Breast Cancer Facts
Breast cancer is not a disease affecting women only.
Women who have a BRCA1 mutation or BRCA2 mutation (or both) can have up to an 80% risk of being diagnosed with breast cancer during their lifetimes.
Men with a BRCA2 mutation have a 7% lifetime risk of developing breast cancer.
Although genetics play a big role, our lifestyles do as well. Vida adviso Mark Hyman, MD, tells us that, “scientific literature is abundant with evidence that diet, exercise, thoughts, feelings, and environmental toxins all influence the initiation, growth, and progression of disease.”
According to Medical News Today, “The first symptoms of breast cancer are usually an area of thickened tissue in the breast, or a lump in the breast or in an armpit.”
Further symptoms can include:
Pain in the armpits or breast that does not change with the menstrual cycle
Pitting or redness of the skin of the breast, like the skin of an orange
Rash around or on one of the nipples
Discharge from a nipple, possibly containing blood
Sunken or inverted nipple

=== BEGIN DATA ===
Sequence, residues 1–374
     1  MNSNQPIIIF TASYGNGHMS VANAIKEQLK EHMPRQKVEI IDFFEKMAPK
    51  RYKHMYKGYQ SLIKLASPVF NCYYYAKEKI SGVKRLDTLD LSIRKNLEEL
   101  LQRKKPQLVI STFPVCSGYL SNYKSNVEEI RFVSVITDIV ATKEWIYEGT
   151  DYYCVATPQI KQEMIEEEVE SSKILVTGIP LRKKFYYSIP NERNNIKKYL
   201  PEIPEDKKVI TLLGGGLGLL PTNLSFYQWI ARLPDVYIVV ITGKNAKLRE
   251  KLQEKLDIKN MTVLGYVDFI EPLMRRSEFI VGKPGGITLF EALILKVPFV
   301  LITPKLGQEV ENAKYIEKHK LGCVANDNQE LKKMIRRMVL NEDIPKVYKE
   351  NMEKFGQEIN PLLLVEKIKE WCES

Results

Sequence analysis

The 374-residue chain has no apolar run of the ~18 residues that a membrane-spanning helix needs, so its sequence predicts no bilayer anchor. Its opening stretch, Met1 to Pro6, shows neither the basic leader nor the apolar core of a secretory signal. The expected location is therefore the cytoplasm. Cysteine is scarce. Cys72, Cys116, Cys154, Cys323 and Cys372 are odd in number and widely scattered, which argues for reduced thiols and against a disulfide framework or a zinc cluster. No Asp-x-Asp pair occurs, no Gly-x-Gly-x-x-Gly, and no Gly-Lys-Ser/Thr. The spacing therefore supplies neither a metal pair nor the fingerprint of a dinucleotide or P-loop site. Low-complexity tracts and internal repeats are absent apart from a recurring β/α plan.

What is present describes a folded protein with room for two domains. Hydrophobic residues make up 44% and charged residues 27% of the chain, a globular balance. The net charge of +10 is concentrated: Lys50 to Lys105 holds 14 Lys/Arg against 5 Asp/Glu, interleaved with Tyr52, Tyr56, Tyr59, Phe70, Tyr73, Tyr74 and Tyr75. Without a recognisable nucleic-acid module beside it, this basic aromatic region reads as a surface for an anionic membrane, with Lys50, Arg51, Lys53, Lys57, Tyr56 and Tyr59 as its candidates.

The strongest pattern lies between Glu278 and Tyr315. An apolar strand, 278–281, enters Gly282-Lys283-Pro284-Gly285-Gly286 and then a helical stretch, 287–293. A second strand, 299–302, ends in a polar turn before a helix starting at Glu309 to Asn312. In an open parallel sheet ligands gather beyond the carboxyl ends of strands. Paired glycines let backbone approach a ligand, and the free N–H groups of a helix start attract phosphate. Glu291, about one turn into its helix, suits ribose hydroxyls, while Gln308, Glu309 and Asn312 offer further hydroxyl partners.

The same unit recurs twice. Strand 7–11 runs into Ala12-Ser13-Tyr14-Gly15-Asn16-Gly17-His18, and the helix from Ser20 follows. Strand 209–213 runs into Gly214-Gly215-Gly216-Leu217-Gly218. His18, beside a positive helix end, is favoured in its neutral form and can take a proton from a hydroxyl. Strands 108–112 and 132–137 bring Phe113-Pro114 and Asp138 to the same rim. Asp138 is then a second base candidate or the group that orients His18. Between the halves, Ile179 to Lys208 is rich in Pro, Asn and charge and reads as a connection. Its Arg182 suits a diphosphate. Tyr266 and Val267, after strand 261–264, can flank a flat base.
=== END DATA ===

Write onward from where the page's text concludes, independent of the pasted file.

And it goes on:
Change in the size or shape of the breast
Peeling, flaking, or scaling of the skin on the breast or nipple
You can lower your risk of breast cancer by following these 12 lifestyle practices:
Keep a healthy weight through eating nutritiously and exercising regularly.
Eat a healthy diet that focuses on whole foods. Limit refined grains and added sugars.
Get regular physical activity and spread your workouts throughout the week.
Avoid processed foods and preservatives (like nitrates and nitrites found in hotdogs and many deli meats).
Avoid alcohol or limit how much you drink in one day (1 drink per day for women, 2 drinks per day for men).
Quit using tobacco and avoid secondhand smoke.
Limit sun exposure and avoid alternative UV rays from things like tanning beds.
Protect yourself against cancer-causing substances in the workplace, and take action to reduce radon levels at work or at home.
Complete regular self-checks on skin, breasts, and testicles to evaluate for abnormal spots or lumps.
Complete any physician-recommended screening tests to detect potential cancers.
Sleep 6-9 hours every night to help hormones and immune system function optimally.
For childbearing women, breastfeeding can possibly reduce your risk of breast cancer.
Resources: American Cancer Society, Center for Disease Control, and the European Code Against Cancer.